policyholder. It is used to buy additional
paid-up insurance and has a related benefit in increasing cash worth.
If the economy experiences a slow-down,
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The Equity Plan is an answer, over the
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Life insurance often seems like a complicated subject. It is worth a little study
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□ Tuesday, November 7, 1967
THE      UBYSSEY
Page 11
Spo/dA ShohlA
"I GET A KICK out of you," says Alan Todd, applied science 4, as he puts his foot into the ball
and kicks it a mighty five yards. But it was all in the name of fun during this intramural game
Monday between  two engineering  teams whi.h ended in a 6-6 tie.
UBC lawyers
for squashing
need courts
racquets
By PIO URAN
If squash is the rich man's
game then there must be few
rich men in Vancouver.
According to Bill Hamilton,
UBC squash club president, in
all of Vancouver there are
only 10 squash courts, as compared to the 20 at McGill University or the 200 in Melbourne.
(Squash, in case you didn't
know, is played in a small
room with what looks like
undersized tennis racquets and
a small rubber ball. Rules are
vaguely similar to those of
tennis).
There is a court at Cecil
Green Park at UBC, but being built to English rules it is
not the right size and therefore only good for fooling
around.
If a current proposition before the board of governors is
approved one doubles and
three singles squash courts, as
well as two handball courts
could be built beside the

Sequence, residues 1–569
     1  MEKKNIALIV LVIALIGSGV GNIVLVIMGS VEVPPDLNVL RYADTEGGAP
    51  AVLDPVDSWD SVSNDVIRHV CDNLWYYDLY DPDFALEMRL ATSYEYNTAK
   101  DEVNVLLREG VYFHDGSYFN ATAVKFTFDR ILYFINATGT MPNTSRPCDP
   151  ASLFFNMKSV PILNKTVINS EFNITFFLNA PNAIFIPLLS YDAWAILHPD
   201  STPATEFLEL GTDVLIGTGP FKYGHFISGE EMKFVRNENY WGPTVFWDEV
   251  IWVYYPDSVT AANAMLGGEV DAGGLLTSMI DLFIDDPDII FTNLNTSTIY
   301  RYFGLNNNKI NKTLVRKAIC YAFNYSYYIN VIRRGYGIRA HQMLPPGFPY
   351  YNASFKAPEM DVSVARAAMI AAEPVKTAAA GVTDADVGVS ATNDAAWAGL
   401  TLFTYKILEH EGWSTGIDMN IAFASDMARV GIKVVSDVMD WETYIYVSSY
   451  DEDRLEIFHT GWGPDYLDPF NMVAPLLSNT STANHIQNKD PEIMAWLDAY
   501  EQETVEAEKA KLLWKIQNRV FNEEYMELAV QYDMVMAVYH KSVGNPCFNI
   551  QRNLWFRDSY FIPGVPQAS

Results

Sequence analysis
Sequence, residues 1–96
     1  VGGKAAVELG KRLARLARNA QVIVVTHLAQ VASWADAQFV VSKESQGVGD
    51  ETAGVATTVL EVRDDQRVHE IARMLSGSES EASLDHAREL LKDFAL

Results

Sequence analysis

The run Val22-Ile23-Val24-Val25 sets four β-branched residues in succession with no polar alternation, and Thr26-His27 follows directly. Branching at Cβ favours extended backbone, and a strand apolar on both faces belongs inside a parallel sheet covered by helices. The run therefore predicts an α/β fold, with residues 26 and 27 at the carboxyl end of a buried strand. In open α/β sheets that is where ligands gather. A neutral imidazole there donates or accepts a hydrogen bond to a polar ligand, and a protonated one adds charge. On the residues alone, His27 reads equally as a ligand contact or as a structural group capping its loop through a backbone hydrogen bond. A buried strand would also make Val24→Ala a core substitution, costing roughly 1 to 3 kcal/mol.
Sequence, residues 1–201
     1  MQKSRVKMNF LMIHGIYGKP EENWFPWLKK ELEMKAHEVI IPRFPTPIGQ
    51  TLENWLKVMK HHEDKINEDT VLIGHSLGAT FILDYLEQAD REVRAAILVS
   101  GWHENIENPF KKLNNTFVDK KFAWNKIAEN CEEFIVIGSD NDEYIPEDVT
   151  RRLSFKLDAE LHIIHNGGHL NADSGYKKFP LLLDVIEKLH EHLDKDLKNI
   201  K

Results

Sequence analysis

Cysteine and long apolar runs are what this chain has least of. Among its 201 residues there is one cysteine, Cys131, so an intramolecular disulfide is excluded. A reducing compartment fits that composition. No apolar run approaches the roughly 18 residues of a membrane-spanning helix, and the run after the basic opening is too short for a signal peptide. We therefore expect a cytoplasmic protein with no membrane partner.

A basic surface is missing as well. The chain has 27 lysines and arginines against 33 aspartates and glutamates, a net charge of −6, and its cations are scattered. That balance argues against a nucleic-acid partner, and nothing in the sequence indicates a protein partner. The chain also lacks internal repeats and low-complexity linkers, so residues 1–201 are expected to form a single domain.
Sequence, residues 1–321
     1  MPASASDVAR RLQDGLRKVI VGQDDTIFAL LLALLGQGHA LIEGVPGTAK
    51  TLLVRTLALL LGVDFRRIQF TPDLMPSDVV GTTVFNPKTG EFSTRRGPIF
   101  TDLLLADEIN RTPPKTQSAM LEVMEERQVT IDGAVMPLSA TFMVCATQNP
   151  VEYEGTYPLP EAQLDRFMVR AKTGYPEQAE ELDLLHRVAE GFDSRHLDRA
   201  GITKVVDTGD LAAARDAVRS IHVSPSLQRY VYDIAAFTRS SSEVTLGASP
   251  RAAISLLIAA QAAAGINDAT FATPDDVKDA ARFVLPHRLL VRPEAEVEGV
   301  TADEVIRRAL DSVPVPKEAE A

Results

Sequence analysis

Winter Sports Arena.
The UBC squash club, about
40 strong, and for some
strange reason almost totally
comprised of law students, has
to go off campus and pay city
club rates to have their tournaments.
Saturday they held a mock
tournament at the Jericho
Tennis Club to introduce new
members and to get ready for
coming tournament at the
Racquets Club.
ICE HOCKEY
The UBC ice hockey Braves
extended their winning streak
to three games when they
whitewashed the Steveston
Fishermen 18-0 Wednesday
night at Ricmond Arena.
The UBC Thunderbirds made
their ice hockey debut a winning one as they beat Coquit-
lam Lum'berkings 10-6 in a
game played Saturday in the
Winter Sports Center.
RUGBY
Don Crompton scored 11 of
the UBC rugby Thunderbirds'
14 points as they romped over
the Barbarians 14-3 to their
first league win on Saturday.
The Braves beat Ex-Gladstone 27-3 in the most surprising game of the weekend, as it
was supposed to be a close
game. Braves are still undefeated.
The   Totems    squeeked    by
Barbarians     8-6,     while     the
Tomahawks  beat   the  University of Victoria 6-3.
WRESTLING
The UBC Thunderbirds
wrestling team opened its 1967-
68 season with an impressive
victory over the Royal Roads
wrestling team, defeating them
38-10.
Dick Heiss (160 lbs.), Les Bur-
gener (177 lbs.), Wayne Cave
130 lbs), Dennie Boulton (137
lbs.), Dave Gray (152 lbs.), Paul
Degraff (167 lbs.), and Bill
Boyd (191 lbs.) wrestled to victories. Chris Nemeth (heavyweight) won his bout by forfeit.
CROSS COUNTRY
UBC finished third at the
National Cross Country
Championships at Calgary on
Saturday.
Ken French, Tom Howard,
and Dave Greening came 4th,
7th and 17th respectively at
the meet and the UBC team
finished with 26 points.
TENNIS
The UBC tennis team put
their racquets to the ball and
came up with a winning weekend.
Playing Seattle University,
UBC won 24 of the 38 matches.